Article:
To summarize my argument in part one:
The present crisis arises from the fact that there is a mass of superfluous capital that cannot, under any circumstances, become real capital — that is, cannot produce surplus value and, therefore, profit. This mass of superfluous capital poses the constant threat to the mode of production of a general devaluation of the existing capital as a whole. If a general crisis of devaluation is to be avoided, the state must run deficits, i.e., it must spend more than it takes in in tax revenue. State deficit spending is, therefore, not determined by the needs of society (and, in particular, by the needs of the social producers), but by the needs of the owners of capital, who, if they are to avoid a nominal devaluation of this superfluous capital, must hand it over to the state to be consumed unproductively in return for interest payments.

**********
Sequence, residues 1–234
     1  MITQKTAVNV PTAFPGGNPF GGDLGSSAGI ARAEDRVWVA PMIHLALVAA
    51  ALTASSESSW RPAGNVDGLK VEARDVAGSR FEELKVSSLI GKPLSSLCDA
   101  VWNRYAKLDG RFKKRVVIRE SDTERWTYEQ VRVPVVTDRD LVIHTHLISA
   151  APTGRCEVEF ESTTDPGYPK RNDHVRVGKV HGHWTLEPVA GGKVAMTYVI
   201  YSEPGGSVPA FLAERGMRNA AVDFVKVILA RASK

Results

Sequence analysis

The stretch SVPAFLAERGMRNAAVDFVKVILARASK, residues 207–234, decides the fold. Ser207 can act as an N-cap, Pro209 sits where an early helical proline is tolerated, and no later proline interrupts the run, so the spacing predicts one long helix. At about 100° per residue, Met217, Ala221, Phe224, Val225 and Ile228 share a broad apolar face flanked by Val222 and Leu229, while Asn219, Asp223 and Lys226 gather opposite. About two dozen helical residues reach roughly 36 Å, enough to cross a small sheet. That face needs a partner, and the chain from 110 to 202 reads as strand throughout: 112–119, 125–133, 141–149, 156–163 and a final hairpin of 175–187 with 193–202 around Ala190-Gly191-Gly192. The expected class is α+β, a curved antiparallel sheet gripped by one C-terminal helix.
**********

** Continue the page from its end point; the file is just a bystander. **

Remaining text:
The purpose then for the fascist state to borrow the excess capital is to avoid a nominal devaluation of capital. Avoiding this nominal devaluation of capital does not mean the capitalists avoid a real devaluation of their capital. Which is to say, the real means of production and labor power of society is really consumed by the fascist state in the form of unproductive expenditures. But, in this real devaluation of capital, the nominal value of the capital, expressed in some currency, is replaced by the fascist state in circulation by valueless tokens, by treasuries, which represent it only symbolically and which take effect as such. The real capital consumed is, therefore, replaced by fictions of capital in the form of promissory notes issued by the state and on which it pays interest.
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